Comment may also be an attempt to provide clarity for the reader. It often includes an ‘insider’s’ view of events – the journalist (or commissioned expert) is privy to extra information that, for many reasons, cannot be attributed to the source. But because the journalist is confident it’s true and important, he or she will ‘own’ the fact.
Opinion is obvious. It is the writer’s view. Often the author is specialist in the area – a finance journalist for example, or an expert like an academic who is commissioned. It, too, may contain ‘insider’ information that the writer is willing to own. Opinion is not meant to be ‘balanced’.
WHAT DAY IS IT?
Check the date on the post. This is a simple but important task. In a 24/7 environment information is superseded rapidly. Sharing dated information is potentially as bad as sharing fake news.
During the bushfires ‘news’ and opinion often landed as late as 24 hours after original publication. Posts were ‘recycled’. The same story appeared twice or three times on my Facebook feed.
The relentless projection of disaster images reinforced certain positions, even if I didn’t read the content. During Covid-19, detail about the virus’s progress was changing hourly. ‘Recycled’ and dated social media posts can confuse official messages.
RECOGNISE THE BIASES
Are you reading a left wing, right wing, progressive, green publication or site? What agenda is being pushed?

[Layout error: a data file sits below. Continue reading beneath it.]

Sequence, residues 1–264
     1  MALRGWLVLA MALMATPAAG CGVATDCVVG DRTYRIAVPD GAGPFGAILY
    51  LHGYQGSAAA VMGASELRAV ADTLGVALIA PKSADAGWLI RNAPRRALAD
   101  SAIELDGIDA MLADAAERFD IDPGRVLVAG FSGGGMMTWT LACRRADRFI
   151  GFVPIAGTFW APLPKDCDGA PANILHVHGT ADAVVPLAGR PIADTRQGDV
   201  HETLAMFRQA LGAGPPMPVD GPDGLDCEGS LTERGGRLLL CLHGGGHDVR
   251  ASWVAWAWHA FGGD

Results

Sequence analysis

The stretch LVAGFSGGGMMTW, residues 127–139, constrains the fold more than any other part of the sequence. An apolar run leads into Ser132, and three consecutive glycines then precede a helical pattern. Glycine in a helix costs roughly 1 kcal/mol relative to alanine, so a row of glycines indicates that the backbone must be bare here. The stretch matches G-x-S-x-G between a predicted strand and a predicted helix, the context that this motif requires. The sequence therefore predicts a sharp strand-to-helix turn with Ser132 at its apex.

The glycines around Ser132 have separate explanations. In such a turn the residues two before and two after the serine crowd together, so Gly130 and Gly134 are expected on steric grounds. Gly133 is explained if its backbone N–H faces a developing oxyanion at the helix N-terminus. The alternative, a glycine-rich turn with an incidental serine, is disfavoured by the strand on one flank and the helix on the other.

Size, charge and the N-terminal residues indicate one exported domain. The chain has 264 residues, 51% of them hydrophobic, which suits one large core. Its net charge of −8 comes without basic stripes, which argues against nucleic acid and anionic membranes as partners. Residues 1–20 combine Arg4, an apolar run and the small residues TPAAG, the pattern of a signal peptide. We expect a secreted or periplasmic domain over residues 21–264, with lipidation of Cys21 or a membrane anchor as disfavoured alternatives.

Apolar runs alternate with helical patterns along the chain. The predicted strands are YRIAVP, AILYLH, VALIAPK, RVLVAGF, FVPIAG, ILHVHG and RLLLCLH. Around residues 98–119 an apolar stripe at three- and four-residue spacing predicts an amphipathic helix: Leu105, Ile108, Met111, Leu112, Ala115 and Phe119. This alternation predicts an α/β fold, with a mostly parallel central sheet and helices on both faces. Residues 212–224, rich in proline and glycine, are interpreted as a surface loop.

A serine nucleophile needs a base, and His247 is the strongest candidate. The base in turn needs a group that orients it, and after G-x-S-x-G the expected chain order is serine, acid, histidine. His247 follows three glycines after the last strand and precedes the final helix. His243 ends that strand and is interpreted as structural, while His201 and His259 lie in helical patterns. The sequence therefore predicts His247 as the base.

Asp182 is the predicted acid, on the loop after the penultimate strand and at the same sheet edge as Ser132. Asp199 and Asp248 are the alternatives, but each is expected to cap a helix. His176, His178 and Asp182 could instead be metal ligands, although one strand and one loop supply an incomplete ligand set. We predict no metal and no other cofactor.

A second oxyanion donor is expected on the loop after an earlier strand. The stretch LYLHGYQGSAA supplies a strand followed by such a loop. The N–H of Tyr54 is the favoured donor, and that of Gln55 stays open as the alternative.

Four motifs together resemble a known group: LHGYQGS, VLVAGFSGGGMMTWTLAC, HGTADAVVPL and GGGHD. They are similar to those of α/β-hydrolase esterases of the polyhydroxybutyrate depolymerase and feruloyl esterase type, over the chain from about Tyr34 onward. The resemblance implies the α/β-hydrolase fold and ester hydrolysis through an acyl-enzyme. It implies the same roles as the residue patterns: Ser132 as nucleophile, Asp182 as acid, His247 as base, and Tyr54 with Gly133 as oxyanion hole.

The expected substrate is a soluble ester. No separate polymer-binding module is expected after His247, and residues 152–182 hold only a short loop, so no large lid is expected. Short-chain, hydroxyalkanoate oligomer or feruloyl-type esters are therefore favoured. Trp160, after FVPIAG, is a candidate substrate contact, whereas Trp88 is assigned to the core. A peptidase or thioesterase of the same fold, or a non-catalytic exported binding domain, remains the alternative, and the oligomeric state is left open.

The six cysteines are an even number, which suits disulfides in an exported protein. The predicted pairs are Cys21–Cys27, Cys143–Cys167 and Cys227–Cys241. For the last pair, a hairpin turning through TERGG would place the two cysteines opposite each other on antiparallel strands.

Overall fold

The Guardian website is (in my opinion) Left and Green politically and culturally, both in its news priorities and commentary. The Australian is Right leaning. The Sydney Morning Herald probably sees itself as culturally ‘progressive’, economically conservative and, over all, slightly Left of centre. It is helpful to understand the author/publisher’s/blogger’s intention.
The approach and tone of your comment in reply will be better informed and framed by that understanding. I make a habit of reading a diverse number of publications to help me think through a subject.
Headlines and the short introduction sometimes bear little resemblance to the facts. It’s always been thus. Tabloid newspaper headline writers were masters of the ‘teasing’ headline to lure you to read a story. The same applies today online.
The publisher has a commercial interest in getting you to click through to their site. The more clicks, the better the pitch for advertising dollars. Gossip and sex are the primary drivers of this deception, but even serious sources play this game. You can’t change that. But reading just the short intro to the post or Tweet can leave you with an incorrect impression of the story. Advice: Read the story, not just the headline.
Use common sense when engaging in media. Sharing an item from a London or New York tabloid about wearing a face mask during Covid-19 is not wise. Go to reliable sources. Go to medical sites like the World Health Organisation or our own Government sites.
THE second blog in this series discusses the personal responsibility you have when you engage in media.
if you’re interested in reading more about the new media phenomenon, the Gospel, Society and Culture committee has produced two two excellent papers.
Two books I found helpful are:
Plugged In. Author: Daniel Strange. Publisher: The Good Book Company.
Wake Up – The Nine Hashtags of Digital Disruption. Author: David Fagan. Publisher: University of Queensland Press